The magic of the equinoxes in the Valley of the Temples
Who was Daedalus? Why is Daedalus defined architect and aviator? To answer we must undertake a journey between myth and history, between Crete and Agrigento. Many, many centuries ago and hundreds of years before the epic war for the conquest of Troy, Agrigento was already a flourishing commercial centre and the Sicans traded freely with the Aegean civilizations from Greece and Crete. Monte Grande (Punta Bianca), the Sican Mountains and the valley of the river Platani were a melting pot where various civilizations mingled and exchanged not only their wares but also their culture. Traces of and extensive emporium have been found in the area and are presently exhibited in the Archaeological Museum of Agrigento. Further evidence of Greek influence are the “thòlos” burial chambers (with a cupola), also found in Mycenae: a magnificent example is the “Tomba del Principe” (prince’s tomb), the largest prehistoric tomb in Sicily, located in the area of Sant’Angelo Muxaro. The burial treasures found in this tomb can be admired in the archaeological museum of Agrigento and the British Museum of London.
The fertile valley of the Platani and the archaeological site of Eraclea Minoa are also connected to the story of Daedalus: an astute Greek architect who fled to Sicily from the island of Crete with his son Icarus with the help of a pair of waxen wings. This ancient myth was handed down by several classic authors, amongst whom Erodoto (5th century BC), Diodoro Siculo and Ovidio (1st century BC). According to these authors, Daedalus, an outstanding Greek inventor and architect, was accused of two major offenses by Minosse, king of the island of Crete. The first: he had devised a plan which had permitted Pasifae, king Minosse’s wife, to copulate with a sacred bull; she consequently give birth to a monstruous Minotaur, half human and half beast, which was imprisoned in a complex labyrinth designed by Daedalus himself. The second: he had provided Arianna (Ariadne) with the reel of thread which had guided Theseus towards the exit of the labyrinth after having slaughtered the Minotaur.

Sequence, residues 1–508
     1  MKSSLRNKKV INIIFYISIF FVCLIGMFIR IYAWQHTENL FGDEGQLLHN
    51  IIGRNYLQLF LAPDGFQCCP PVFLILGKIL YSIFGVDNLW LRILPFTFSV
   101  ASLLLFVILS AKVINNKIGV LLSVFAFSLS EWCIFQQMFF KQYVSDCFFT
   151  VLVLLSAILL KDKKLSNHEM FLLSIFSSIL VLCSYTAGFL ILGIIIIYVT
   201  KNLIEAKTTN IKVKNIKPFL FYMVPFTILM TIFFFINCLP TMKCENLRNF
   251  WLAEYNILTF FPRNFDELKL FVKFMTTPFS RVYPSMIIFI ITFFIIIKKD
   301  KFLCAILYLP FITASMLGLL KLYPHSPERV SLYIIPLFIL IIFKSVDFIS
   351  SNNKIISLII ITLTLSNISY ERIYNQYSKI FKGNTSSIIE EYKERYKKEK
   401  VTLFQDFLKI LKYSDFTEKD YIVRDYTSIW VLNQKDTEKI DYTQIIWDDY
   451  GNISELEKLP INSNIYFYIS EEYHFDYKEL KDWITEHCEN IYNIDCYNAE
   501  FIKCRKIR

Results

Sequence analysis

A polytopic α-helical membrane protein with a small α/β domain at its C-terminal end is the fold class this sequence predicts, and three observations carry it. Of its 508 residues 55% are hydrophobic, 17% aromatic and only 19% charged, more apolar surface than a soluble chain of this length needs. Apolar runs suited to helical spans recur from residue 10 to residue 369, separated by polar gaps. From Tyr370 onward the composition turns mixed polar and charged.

Enraged by Daedalus’ betrayal, Minosse imprisoned both Daedalus and his son Icarus. But Daedalus managed to build two pairs of wings with beeswax and the feathers which fell into their prison and so father and son escaped and flew off towards the sicilian coast. Icarus, however, didn’t heed his father’s warning not to fly too close to the sun, his wings melted and he plunged to his death in the Mediterranean Sea. Daedalus was more fortunate and reached the sicilian island safely, where he was welcomed by the Sican king Kokalos. He was treated as a respected guest and he lived under the protection of Kokalos for several years. Meanwhile, Minosse had set out to seek revenge and eventually his fleet arrived at the mouth of the river Platani, which at the time was navigable and was the port of access to the Sican territories further inland. At the sight of the impressive Greek fleet about to invade his territory, Kokalos sent word to Minosse that Daedalus would be handed over to him and invited him into the own castle, Kamikos (perhaps today’s town of Sant’Angelo Muxaro) stronghold of the Sicans which had been designed and built on a high hilltop for king Kokalos by Daedalus himself in gratitude for his hospitality.
When Minosse entered the magnificent city of Kamikos he was received with royal honours and invited by the daughters of King Kokalos to restore himself from his long journey. Minosse was beguiled by the astute Daedalus once again and the princesses tempted him into a fatal trap: he didn’t survive the warm bath that they had prepared for him. Minosse’s death was attributed to accidental causes, his corpse was returned to the Cretan army, he was given a royal funeral and buried in a monumental mausoleum not far from Kamikos. Legend has it that a small town called Minoa was founded on the site of the royal mausoleum and seven centuries later the Greek settlers from nearby Selinunte turned the town into a splendid city called Eraclea Minoa in memory of the legendary King from Crete. Recently, Prof. Rosa Maria Lombardo have suggested that the town of Kamikos may have been where the rock fortress of Guastanella, site not far from Sant’Angelo Muxaro, and that the royal burial chamber of Minosse might be located amongst its foundations. But the mistery has yet to be solved.